Denver diners have likely enjoyed desserts by pastry chef Nadine Donovan over the past dozen years. Even if they don't know her by name, they know her by taste: She's been plating beautiful desserts and sweetening the scene at some of the city's top restaurants since graduating from Johnson & Wales University in 2009. But now she's leaving Denver behind for new adventures.
Donovan has worked for the Secret Sauce restaurant group for the past six years, making everything from sandwich rolls to ice cream for Vesta, Steuben's and Ace Eat Serve. "I loved Vesta because it's where I expressed myself most artistically," the pastry chef notes. "And I'm proud of introducing housemade ice cream at Steuben's and all the housemade mix-ins. At Ace, I just started doing Thai rolled ice cream."
Donovan notes that embracing challenges is part of what it takes to be successful in her chosen profession. "Pastry chefs have to be diverse and have to be willing to do different things in their careers — make bread, roll pasta — to succeed," she says. "I've focused on sourcing locally and working in scratch kitchens."
But beyond cooking, "the number-one thing I'm most proud of beyond the food is all the work we've done with nonprofits like Urban Peak and Work Options for Women," Donovan says. "And working with the Growhaus for Harvest Week has been amazing."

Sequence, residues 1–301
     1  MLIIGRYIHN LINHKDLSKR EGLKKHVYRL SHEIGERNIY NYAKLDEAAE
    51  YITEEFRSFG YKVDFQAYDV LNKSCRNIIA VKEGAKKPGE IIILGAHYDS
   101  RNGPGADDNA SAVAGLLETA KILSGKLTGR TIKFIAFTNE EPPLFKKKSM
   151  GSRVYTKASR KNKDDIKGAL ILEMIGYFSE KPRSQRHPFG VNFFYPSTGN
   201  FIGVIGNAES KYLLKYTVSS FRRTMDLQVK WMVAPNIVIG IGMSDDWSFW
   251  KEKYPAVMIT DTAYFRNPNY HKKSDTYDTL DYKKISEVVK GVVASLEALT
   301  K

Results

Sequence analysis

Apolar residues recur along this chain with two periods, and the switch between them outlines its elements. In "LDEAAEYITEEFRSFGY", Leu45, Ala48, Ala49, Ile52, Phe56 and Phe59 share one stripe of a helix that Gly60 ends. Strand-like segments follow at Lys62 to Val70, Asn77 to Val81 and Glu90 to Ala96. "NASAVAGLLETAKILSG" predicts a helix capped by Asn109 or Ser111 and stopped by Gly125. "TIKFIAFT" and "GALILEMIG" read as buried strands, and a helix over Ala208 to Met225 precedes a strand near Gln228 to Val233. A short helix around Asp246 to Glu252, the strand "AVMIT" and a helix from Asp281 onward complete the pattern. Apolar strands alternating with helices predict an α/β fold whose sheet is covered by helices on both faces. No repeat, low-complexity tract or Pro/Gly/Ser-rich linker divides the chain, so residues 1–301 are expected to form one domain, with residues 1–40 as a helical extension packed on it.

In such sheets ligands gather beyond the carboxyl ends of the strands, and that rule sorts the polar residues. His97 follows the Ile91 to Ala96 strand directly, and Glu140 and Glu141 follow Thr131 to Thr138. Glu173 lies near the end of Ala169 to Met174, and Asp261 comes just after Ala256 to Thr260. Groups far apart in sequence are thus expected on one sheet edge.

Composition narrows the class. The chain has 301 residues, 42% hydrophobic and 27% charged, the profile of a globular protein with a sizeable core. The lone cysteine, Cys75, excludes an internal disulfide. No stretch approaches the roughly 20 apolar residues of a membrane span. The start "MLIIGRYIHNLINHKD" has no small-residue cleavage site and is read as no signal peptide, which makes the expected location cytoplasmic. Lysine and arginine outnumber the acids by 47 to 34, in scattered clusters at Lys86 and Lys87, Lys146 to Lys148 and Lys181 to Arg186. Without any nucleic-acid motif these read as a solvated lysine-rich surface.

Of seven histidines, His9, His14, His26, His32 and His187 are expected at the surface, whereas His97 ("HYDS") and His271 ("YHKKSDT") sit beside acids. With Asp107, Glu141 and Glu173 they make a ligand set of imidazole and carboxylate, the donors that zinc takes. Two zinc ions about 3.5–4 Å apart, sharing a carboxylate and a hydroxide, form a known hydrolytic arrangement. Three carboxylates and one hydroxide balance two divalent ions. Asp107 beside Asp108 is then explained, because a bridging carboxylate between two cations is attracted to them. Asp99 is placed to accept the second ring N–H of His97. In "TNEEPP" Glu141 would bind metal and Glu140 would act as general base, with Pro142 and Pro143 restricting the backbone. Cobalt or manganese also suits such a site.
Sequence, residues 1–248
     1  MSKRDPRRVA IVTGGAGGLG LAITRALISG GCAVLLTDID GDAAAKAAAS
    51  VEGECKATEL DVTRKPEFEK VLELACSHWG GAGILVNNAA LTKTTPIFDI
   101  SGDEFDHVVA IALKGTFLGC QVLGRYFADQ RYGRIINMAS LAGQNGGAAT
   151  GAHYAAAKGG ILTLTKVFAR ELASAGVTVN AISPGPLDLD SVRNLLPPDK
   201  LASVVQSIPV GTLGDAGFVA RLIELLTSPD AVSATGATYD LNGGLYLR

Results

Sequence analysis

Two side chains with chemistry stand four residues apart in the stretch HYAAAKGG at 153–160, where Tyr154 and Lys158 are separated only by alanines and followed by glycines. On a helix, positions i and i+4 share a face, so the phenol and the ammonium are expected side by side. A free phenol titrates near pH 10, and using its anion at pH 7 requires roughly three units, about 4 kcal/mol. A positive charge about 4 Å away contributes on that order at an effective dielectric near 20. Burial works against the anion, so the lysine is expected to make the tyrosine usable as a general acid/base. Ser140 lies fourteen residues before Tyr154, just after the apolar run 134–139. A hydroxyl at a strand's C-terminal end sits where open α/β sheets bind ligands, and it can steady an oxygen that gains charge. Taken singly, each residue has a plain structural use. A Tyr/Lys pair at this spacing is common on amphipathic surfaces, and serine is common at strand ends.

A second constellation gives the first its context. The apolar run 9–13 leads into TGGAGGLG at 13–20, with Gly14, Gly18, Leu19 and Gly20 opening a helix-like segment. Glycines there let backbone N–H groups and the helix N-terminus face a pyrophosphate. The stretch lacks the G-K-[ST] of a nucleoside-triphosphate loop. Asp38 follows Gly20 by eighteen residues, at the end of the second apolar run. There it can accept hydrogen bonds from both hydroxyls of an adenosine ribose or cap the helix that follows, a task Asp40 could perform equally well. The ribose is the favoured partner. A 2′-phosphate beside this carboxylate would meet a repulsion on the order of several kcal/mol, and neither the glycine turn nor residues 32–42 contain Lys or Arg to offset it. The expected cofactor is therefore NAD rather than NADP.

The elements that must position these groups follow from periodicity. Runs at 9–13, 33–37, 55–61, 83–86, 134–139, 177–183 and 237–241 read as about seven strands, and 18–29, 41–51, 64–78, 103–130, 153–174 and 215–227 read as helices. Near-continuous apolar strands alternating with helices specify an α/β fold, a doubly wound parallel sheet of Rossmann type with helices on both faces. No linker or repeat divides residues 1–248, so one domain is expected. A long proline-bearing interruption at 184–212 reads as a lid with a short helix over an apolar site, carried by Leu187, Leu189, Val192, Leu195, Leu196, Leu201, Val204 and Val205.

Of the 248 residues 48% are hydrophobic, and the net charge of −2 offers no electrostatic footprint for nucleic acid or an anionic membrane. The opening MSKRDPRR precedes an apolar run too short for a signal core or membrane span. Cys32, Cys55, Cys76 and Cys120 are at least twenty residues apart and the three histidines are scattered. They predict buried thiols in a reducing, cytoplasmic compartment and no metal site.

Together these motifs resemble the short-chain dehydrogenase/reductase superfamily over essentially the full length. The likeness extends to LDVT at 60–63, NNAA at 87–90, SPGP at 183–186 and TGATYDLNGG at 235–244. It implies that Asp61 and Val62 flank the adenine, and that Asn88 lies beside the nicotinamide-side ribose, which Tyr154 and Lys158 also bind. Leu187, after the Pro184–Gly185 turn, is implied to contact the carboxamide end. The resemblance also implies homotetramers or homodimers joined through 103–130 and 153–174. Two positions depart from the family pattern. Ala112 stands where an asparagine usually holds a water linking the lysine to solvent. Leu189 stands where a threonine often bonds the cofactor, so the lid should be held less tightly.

Secret Sauce founder Josh Wolkon adds to the list of her accomplishments. "Nadine has always brought a positive energy to Secret Sauce and used her skills to support countless nonprofit organizations," he says, citing her work with Feeding the Frontlines, the Delores Project and C.O.R.E., Girls Inc., Access Opportunity, the Clyfford Still Foundation, Great Chefs of the West for Kidney Foundation and Slow Food Nation.
Donovan got her start in sweets even before she attended culinary school, back when she was a gelato scooper at Parisi, where she became interested in professional cooking. After Johnson & Wales, she was the opening pastry chef at Fuel, where chef/owner Bob Blair challenged her creativity by changing the menu every week. After that, she moved to Portland, Oregon, for a year and a half to work at a bread bakery before returning to Denver to open Old Major with chef Justin Brunson. "I loved being a part of that, because there was so much vibrance and excitement around it," she recalls.
Donovan's partner recently accepted a brewing job in Asheville, North Carolina, where they're hoping to purchase farm property. Donovan will be moving there later this year — but that still gives us a few months of desserts to look forward to before she winds up her position with Secret Sauce in May. "Secret Sauce realizes Nadine cannot be replaced, but we hope there is an aspiring pastry chef out there who wants to take advantage of a life-changing opportunity to train with one of Denver’s best over the next couple of months," Wolkon adds.
In the meantime, Donovan will continue to innovate while taking a little time to cross some items off her bucket list of things to do and see in Colorado, which she's called home for the past 29 years. Recently, it was Skate City and ice skating on Evergreen Lake, and she's also planning on hitting the Fort Collins restaurant scene and making excursions to Telluride and Ouray.
Parting is such sweet sorrow, but we wish Donovan the best of luck in her future pastry endeavors. Here are more photos of pastry chef Nadine Donovan over the past several years:
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